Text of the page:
In China, Moviegoers Choose Avatar over Confucius

When the Chinese Film Board announced it would yank the wildly popular Hollywood film Avatar—and replace it with a made-in-China biopic about Confucius, the ancient philosopher whose ethos promotes respect for hierarchy—it seemed like a classic East-West clash of civilizations. After just three days in theaters, Avatar had taken in $76 million in China by Jan. 17, to become the country's all-time top-grossing film. That blowout must have riled the local film industry's bean counters, who hate the fact that first place has been dominated by foreign films such as 2012 and Titanic. So authorities, citing Chinese law—and the film's comparatively paltry take in 2-D theaters, told more than 1,600 2-D cinemas nationwide to pull the plug on Avatar, though they were allowed to keep showing it in more than 800 3-D theaters. The government also urged theater operators to ensure that at least two thirds of the movies they show are domestic productions. (Imports are limited by law to 20 movies shown in theaters annually, typically for just 10 days each.) They didn't think any of that would be a problem.

Film censors also had reason to favor a bearded sage preaching respect for authority over the towering blue Na'vi hominids, who rebelled against human marauders out to destroy their community. At first blush, of course, Chinese officials might have been delighted at the thought of a big-budget Hollywood film where the arrogant, militarily muscular, technologically superior, warlike Americans are outwitted by indigenous aliens using their brains, their mystical beliefs, and their bonds with nature. But there are some uncomfortable analogies for the Communist Party.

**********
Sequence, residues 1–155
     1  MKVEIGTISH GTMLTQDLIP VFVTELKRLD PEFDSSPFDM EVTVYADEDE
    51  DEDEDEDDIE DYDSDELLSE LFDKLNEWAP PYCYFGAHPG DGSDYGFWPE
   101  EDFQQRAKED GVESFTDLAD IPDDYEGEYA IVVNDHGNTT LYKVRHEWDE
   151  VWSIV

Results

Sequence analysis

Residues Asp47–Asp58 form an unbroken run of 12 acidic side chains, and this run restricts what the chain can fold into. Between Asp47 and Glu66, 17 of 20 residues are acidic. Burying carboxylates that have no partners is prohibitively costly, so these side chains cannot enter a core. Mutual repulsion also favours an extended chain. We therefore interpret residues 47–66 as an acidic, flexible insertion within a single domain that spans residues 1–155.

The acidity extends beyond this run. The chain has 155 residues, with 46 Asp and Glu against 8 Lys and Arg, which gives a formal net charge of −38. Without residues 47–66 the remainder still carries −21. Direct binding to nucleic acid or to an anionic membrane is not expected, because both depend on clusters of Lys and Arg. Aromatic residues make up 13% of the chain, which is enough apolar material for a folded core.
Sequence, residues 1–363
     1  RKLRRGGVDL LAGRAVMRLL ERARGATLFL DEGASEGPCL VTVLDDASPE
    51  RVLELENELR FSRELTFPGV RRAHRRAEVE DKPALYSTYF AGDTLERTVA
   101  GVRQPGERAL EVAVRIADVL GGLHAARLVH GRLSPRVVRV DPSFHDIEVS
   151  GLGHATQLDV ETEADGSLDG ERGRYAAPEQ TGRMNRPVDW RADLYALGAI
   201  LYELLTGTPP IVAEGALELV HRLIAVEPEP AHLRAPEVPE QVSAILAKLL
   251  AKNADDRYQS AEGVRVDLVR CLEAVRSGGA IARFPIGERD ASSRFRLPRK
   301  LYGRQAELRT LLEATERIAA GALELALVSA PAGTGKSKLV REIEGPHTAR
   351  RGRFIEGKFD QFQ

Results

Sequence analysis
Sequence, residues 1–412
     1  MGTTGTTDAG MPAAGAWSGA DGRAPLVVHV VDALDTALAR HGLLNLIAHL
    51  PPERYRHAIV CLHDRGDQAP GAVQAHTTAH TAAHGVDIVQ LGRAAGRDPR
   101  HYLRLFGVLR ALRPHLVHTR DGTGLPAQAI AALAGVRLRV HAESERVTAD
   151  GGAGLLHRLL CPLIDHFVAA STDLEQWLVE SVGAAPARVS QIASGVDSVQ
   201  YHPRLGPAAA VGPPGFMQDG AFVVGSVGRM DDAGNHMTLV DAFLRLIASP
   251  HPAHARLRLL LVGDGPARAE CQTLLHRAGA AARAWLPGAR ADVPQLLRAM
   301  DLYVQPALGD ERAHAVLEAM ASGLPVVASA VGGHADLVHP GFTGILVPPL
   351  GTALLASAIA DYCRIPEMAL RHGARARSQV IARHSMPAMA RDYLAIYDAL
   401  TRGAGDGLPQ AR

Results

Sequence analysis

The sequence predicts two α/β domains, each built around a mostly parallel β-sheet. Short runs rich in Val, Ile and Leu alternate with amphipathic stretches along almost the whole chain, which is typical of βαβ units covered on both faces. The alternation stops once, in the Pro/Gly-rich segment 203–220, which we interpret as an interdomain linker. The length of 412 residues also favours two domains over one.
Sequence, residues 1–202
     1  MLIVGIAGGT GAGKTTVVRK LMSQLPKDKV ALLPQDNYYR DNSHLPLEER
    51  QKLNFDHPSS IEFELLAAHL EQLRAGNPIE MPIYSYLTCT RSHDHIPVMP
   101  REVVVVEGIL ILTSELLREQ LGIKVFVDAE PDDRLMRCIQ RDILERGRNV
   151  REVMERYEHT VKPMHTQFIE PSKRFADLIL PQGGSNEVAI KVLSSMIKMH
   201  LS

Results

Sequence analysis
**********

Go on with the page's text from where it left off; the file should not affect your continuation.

First, Americans in the movie unilaterally destroy the Na'vi habitat, which happens to be a giant tree. Not only is forced eviction one of the biggest gripes against Chinese authorities (30 million citizens have been evicted in the course of the nation's three-decade-long helter-skelter construction craze), but there's an even more sensitive subtext here, too: rampant tree-felling is one of the main Tibetan grievances against Han Chinese developers, and in recent years such deforestation has been banned in some Tibetan communities because of the serious unrest it has triggered among citizens. Even an article in the Global Times, published by the Communist-Party mouthpiece People's Daily, called the plot "the spitting image of the violent demolition in our everyday life." One cheeky Netizen wrote that "China's demolition crews must go sue [Director James] Cameron … copyright infringement."

Then there's the Na'vi love of all living beings—to the point where they mutter an incantation asking for redemption whenever they have to kill a beast. Here, that sounds a lot like the Tibetan reverence for all sentient beings—and the fact that they're reluctant to kill small creatures for food. Tibetans do butcher large animals—yaks, especially—because one large beast can feed many humans. Traditional Tibetans prefer when a yak dies accidentally so that they don't have to kill it, and some absolutely recoil when small creatures like shrimp or fish are served as a meal.